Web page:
Given that youth unemployment was down by 50,000 in the three months to August the underlying narrative is good.
The trouble is, once you start unpicking the data different stories emerge.
Given the importance that is attached to increasing GDP through increased spending, it is to be noted that many of the jobs created in the last quarter are not full time and certainly not well paid though I fully accept any reduction in the benefit headcount is good for the country economically and beneficial for the individually emotionally.
It is important to look at the sort of jobs being created.
For example, of the 212,000 created in the last quarter, roughly a third are what is known as 'mini-jobs' which result in the person being employed for less than 15 hours a week. And over half of the 212,000 (54%) require the person for less than 30 hours a week.
Interestingly, it seems, the Olympics may have played a part in the reduction in employment.
According to Scott Corfe of the Centre for Economics and Business Research, half of the jobs created in the last quarter were in London and he notes that the decrease in claimants in the six boroughs that hosted Olympic events was twice that which had no involvement in the games.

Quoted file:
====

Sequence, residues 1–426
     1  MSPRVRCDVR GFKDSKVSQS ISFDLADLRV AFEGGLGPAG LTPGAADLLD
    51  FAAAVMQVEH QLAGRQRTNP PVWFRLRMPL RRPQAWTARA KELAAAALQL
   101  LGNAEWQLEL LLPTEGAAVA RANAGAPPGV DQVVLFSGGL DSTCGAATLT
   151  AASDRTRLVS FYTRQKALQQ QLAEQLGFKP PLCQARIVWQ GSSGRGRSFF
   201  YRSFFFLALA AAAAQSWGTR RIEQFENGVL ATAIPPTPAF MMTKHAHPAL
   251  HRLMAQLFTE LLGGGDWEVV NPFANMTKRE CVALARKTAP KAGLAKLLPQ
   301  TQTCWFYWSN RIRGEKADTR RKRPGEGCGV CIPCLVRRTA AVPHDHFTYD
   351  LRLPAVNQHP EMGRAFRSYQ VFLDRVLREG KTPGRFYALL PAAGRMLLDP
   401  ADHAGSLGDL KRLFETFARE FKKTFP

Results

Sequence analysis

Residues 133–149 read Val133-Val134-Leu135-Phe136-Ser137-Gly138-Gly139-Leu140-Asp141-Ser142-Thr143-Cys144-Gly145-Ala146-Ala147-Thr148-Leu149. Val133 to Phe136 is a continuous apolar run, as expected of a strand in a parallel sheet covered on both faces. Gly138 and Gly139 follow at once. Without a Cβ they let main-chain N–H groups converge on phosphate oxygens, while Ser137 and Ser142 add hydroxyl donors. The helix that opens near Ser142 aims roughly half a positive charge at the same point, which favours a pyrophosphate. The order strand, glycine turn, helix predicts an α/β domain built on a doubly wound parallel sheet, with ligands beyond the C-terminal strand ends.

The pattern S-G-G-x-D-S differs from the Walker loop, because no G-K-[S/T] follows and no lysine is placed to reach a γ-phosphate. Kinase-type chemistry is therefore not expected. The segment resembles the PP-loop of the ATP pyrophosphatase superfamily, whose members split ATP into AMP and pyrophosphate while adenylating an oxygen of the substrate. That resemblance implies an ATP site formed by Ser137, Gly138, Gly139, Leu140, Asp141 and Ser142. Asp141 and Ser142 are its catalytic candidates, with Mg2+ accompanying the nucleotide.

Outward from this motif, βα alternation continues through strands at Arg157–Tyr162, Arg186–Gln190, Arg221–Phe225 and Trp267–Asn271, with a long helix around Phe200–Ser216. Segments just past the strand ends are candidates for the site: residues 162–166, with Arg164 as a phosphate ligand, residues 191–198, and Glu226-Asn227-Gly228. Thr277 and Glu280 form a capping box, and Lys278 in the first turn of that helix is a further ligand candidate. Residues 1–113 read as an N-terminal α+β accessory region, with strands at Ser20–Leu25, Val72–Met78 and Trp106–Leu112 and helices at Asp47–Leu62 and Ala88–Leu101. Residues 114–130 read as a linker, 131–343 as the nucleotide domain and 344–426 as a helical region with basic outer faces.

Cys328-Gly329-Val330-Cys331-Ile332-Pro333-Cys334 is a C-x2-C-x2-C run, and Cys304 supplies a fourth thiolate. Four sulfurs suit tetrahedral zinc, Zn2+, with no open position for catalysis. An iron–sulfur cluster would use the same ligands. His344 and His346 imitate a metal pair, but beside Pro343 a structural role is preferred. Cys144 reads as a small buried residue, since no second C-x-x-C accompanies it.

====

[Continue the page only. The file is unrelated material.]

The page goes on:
What is also very significant is that we are seeing a shift in the way people are employed. In the twelve months those working part-time is now 8.1 million; an increase of 353,000.
This may represent a significant alteration to our working preferences and align with patterns that are better suited to differing lifestyles.
However, it is estimated that about a fifth of part time workers, over one and a half million people, do so simply because they cannot find full time employment.
This can be looked at as being a mixed blessing. It means that many organisations are shifting to a flexible labour workforce to deal with fluctuations which avoids the need for redundancy.
Correspondingly, though, it depresses pay levels which reduces aggregate demand through reduced spending power.
Inflation is always a curse for those on low income.
Therefore, the recent announcement that inflation is reducing will undoubtedly be welcome news to people who real spending power has been significantly diminished in the last few years.
There are many who would advise George Osborne to alter his strategy of austerity. We know only too well that public investment in infrastructure is not only good for jobs, particularly in the construction sector, but that it creates the so called 'multiplier effect' as the money flows through the economy.
Indeed, the recent announcement by the IMF that it believes effectiveness of the multiplier has been underestimated and could potentially be as high as 1.7 suggests that any public investment is hugely beneficial to the economy.
Equally crucially, investing in the infrastructure is absolutely essential if we are to create an economy that is forward-looking and capable of matching the other emergent countries that we will be competing against.